Laboratory Tests That Detect Lyme Disease
Clinical diagnosis is just not sufficient to detect Lyme disease because the symptoms are closely similar to those of many other diseases. Headaches, joint pain and numbness in the legs, arms, hands and feet, which are usually associated with Lyme disease, are also present in many other diseases. Therefore, the clinical diagnosis has to be supported by diagnostic tests to confirm the presence of Lyme disease. Several tests may have to be done as the patient may not test positive for some tests. Only if the same results are corroborated through other tests can the patient be considered to be free from the disease. Multiple tests help to rule out the possibilities of any other diseases that might cause the symptoms. It also helps the doctor to correlate the findings with other patients who suffer from the disease that makes it easy to arrive at a conclusion.
Testing for Lyme disease
ELISA applications are widely used for testing Lyme disease along with two more tests such as the Western Blot test and Polymerase Chain Reaction (PCR). While the first two tests are commonly done for all patients, the third one is applicable for patients suffering from nervous system symptoms or persistent Lyme arthritis. The ELISA and Western blot tests are done to detect antibodies that might be present in the patient’s blood, which could have been triggered by an infection with bacteria B. burgdoferi and spirochete. However, the presence of the antibodies does not confirm if the infection is still present. Thus the tests are an indirect way of detecting the disease.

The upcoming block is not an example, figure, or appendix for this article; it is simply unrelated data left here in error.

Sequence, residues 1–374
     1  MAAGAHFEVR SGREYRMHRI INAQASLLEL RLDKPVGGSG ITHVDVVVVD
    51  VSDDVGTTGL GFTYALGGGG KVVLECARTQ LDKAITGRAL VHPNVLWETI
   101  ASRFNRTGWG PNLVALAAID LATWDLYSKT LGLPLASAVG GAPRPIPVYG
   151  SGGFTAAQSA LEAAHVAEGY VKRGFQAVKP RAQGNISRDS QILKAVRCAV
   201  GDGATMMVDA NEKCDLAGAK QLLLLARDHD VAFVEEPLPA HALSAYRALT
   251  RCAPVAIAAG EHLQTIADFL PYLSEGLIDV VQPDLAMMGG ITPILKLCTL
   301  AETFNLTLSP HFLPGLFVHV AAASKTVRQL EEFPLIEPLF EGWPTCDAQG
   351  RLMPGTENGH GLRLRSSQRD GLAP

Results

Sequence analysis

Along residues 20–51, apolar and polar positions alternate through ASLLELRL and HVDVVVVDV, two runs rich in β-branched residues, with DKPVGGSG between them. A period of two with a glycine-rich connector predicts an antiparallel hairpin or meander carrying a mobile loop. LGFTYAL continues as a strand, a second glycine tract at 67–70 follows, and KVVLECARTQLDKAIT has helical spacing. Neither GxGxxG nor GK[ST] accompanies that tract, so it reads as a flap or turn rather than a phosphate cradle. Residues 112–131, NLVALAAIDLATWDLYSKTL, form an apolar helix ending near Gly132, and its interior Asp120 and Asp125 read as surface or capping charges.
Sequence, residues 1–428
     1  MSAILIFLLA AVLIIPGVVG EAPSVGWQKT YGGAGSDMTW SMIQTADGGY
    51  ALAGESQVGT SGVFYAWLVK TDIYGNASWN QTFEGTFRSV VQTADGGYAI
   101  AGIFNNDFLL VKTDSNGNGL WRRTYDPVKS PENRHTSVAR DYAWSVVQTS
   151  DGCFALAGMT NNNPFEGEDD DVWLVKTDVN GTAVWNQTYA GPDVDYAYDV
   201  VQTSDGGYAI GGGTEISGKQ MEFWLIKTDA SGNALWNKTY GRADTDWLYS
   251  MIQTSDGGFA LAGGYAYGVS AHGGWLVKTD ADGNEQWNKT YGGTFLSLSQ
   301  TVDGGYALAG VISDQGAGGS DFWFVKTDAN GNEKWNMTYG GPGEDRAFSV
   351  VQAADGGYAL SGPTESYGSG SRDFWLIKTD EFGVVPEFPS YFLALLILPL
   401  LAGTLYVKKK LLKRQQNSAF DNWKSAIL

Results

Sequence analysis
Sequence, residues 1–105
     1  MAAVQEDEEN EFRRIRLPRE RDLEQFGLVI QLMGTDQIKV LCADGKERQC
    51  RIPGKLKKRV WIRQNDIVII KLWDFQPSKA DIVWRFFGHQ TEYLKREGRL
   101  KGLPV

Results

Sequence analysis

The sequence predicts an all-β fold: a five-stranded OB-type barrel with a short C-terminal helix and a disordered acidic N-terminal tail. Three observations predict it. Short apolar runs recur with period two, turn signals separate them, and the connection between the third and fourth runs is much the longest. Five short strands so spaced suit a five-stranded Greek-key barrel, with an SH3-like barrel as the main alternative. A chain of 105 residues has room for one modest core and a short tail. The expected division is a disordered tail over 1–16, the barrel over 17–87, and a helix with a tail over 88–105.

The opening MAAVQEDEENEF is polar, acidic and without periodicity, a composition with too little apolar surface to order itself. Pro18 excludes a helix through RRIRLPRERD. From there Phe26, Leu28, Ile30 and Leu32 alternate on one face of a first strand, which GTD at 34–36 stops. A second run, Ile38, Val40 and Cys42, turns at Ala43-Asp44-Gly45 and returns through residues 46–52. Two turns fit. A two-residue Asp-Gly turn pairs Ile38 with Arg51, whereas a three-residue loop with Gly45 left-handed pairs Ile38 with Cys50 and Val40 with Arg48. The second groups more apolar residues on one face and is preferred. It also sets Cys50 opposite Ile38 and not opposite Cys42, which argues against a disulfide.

Not only Lyme disease but a number of other diseases can also be screened by ELISA (Enzyme Linked Immunosorbent Assay) that has gained popularity in testing HIV. It is an inexpensive test that is also used to detect West Nile virus, pernicious anemia, syphilis, rotavirus, RMSF, squamous cell carcinoma and many other diseases. The blood sample is tested by using a marker enzyme that is attached to an antibody and a change in color is considered an indication of the presence of antigen.
Western Blot test
This blood test also depends on a color change that happens to the blot. However, it is a qualitative test and not a quantitative one like the ELISA. Being subjective in nature, the correct interpretation of the test result depends on the skill of the laboratory technician who has to assess the intensity of the color bands to conclude the presence or absence of bacteria. In modern methods of testing, the subjectivity has been removed by using automated testing methods.
Polymerase Chain Reaction
Moving away from the indirect methods of detection of Lyme disease, PCR is a more specific method of testing that is capable of detecting the organism’s genetic material. While the other tests provide indirect leads about the infection based on the immune response, PCR pinpoints the genetic material thereby leaving nothing to chance. A positive PCR result therefore underlines the presence of infection that is very current or present.
Until now, these are the most reliable tests for Lyme disease.
Article by Tom Evans, who has been associated with consumer healthcare for more than a decade. He has worked in the African subcontinent extensively in his fight against HIV and AIDS. With a background in chemistry, he takes special interest in ELISA applications.